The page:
atoughlittleguy:

cityoutofclay:

"Ya know if I’m gonna be honest, you’s takin’ all this way better than I thought ya would."

Crutchie sat back, looking at him. “How’dja think I’d take it?”

"Thought you’d be mad, or upset, or…somethin’." Jack said. 

atoughlittleguy:

cityoutofclay:

"See, we’s found another bright side already!" Jack said enthusiastically. 

"Yeah,’ Crutchie chuckled. "We did."

"Ya know if I’m gonna be honest, you’s takin’ all this way better than I thought ya would."

atoughlittleguy:

cityoutofclay:

"That’s what happens when ya walk the streets all damn day. Find somethin’  in a factory, then you’ll start lookin’ about Mr. Jacobi’s size." Jack snickered. 

Crutchie smirked. “If I make enough in the factory an’ get enough money tah buy Jacobi’s sandwiches, then I really will look like him!”

"See, we’s found another bright side already!" Jack said enthusiastically. 

atoughlittleguy:

cityoutofclay:

"Try watchin’ you grow up." Jack elbows Crutchie lightly. "From the little bag a bones who got into more trouble’n anyone else I knew startin’ the first day we met. Now look at ya." 

"Yeah?" Crutchie grinned. "I’m still a bag a bones, though. I ‘eard one of the nuns say that yesterday mornin’."

"That’s what happens when ya walk the streets all damn day. Find somethin’  in a factory, then you’ll start lookin’ about Mr. Jacobi’s size." Jack snickered. 

atoughlittleguy:

cityoutofclay:

"Was bound t’ happen sometime, Davey’s tall too, must be in the family." Jack laughed.

Crutchie shrugged. “It’s hard tah think that Les is growin’ up, though…”

"Try watchin’ you grow up." Jack elbows Crutchie lightly. "From the little bag a bones who got into more trouble’n anyone else I knew startin’ the first day we met. Now look at ya." 

atoughlittleguy:

cityoutofclay:

"We’s growin’ up kid. Hell Specs an’ Bridget, me an’ Katherine…we’s might start havin’ kids of our own soon. Can’t raise no family on what you make sellin’ papes. Ya ain’t upset, are ya?" Jack owed his friend the respect of treating him like an adult, but the habit to see him as a younger brother stuck strong in his mind. 

"Nah," Crutchie shook his head and his hand. "It’s parta life, ain’t it?" he mused. "Can’t stay kids forevah. Even Les is growin’ up—did you see he’s taller than me now?”

"Was bound t’ happen sometime, Davey’s tall too, must be in the family." Jack laughed.

atoughlittleguy:

cityoutofclay:

"I know ya will." Jack said, careful to exclude himself from Crutchie’s optimism. "Someplace with real good pay, an’ three meals a day, an’ a better union than what we’s got now. With badges an’ everything." Jack offered, only somewhat jokingly.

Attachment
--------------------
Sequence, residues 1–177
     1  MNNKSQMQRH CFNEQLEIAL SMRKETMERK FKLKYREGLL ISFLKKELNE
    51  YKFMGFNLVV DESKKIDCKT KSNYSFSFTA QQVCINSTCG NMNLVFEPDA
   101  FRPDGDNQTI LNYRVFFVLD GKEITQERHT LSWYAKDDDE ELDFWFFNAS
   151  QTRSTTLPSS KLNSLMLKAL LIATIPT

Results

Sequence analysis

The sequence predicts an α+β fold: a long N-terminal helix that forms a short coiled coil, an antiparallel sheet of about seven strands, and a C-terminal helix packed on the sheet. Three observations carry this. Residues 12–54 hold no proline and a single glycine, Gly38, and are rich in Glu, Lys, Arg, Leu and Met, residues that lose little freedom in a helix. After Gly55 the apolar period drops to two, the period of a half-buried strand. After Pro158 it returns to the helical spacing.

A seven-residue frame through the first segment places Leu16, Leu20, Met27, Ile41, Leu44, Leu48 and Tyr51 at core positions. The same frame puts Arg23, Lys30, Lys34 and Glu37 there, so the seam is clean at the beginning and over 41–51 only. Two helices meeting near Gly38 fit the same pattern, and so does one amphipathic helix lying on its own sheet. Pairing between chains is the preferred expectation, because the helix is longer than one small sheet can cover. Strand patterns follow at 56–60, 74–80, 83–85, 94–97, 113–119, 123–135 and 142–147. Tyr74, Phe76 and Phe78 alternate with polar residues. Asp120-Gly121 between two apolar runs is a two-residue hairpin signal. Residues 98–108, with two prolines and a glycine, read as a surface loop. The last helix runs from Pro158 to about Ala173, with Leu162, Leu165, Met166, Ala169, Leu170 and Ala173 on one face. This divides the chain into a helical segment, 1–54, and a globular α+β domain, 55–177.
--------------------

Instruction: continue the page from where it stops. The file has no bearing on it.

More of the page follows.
"And hats," Crutchie grinned. "Especially now that most of us newsies have…stopped bein’ newsies."

"We’s growin’ up kid. Hell Specs an’ Bridget, me an’ Katherine…we’s might start havin’ kids of our own soon. Can’t raise no family on what you make sellin’ papes. Ya ain’t upset, are ya?" Jack owed his friend the respect of treating him like an adult, but the habit to see him as a younger brother stuck strong in his mind. 

atoughlittleguy:

atoughlittleguy:

atoughlittleguy:

cityoutofclay:

"That ain’t a bad idea. Somethin’ where you’s sittin’ down a lot." Jack tried to sound encouraging. "And maybe one where’s they offer ya a place to stay, too." No more newsies meant no more lodge house, either.

"I could ask Mr….

Crutchie swallowed. He never thought he’d be thinking about this. “We’ll find somewhere, Jack,” he reached out and put a hand on his friend’s shoulder. “We all will.”

"I know ya will." Jack said, careful to exclude himself from Crutchie’s optimism. "Someplace with real good pay, an’ three meals a day, an’ a better union than what we’s got now. With badges an’ everything." Jack offered, only somewhat jokingly.

atoughlittleguy:

atoughlittleguy:

cityoutofclay:

"That ain’t a bad idea. Somethin’ where you’s sittin’ down a lot." Jack tried to sound encouraging. "And maybe one where’s they offer ya a place to stay, too." No more newsies meant no more lodge house, either.

"I could ask Mr. Jacobs," Crutchie…

"But you’ll still be workin’ at The World?" Crutchie asked. "Maybe….maybe I could take over Mistah Wiesel’s job."

"I wouldn’t count on stayin’ at the World. Ol’ Joe’s lookin’ to force us all out, specially now that he knows we’s all gettin’ older. He’ll bring in a bunch  a rich kids lookin’ for pocket money, not guys like us who hadda fight like hell just to make it a couple a years. He wants us to move on, even if we got a good racket goin’. Best newsies lower Manhattan ever had, even Darcy’s dad said the same. It’s just too bad that…" Jack swallowed hard. "Just too bad we’s all gonna split up now. Ain’t no place gonna take every one of us, not with our reputation bout runnin’ unions." 

atoughlittleguy:

cityoutofclay:

"That ain’t a bad idea. Somethin’ where you’s sittin’ down a lot." Jack tried to sound encouraging. "And maybe one where’s they offer ya a place to stay, too." No more newsies meant no more lodge house, either. 

"I could ask Mr. Jacobs," Crutchie suggested. "He’s workin’ in a factory, ain’t he?"

"See, knew that brain a yours was good for somethin’ " Jack replied. "Maybe ya could ask Davey t’ introduce you two." He hoped more than anything his friend was not faking his optimism. Jack couldn’t bear the thought of disappointing him again, even if it wasn’t his fault.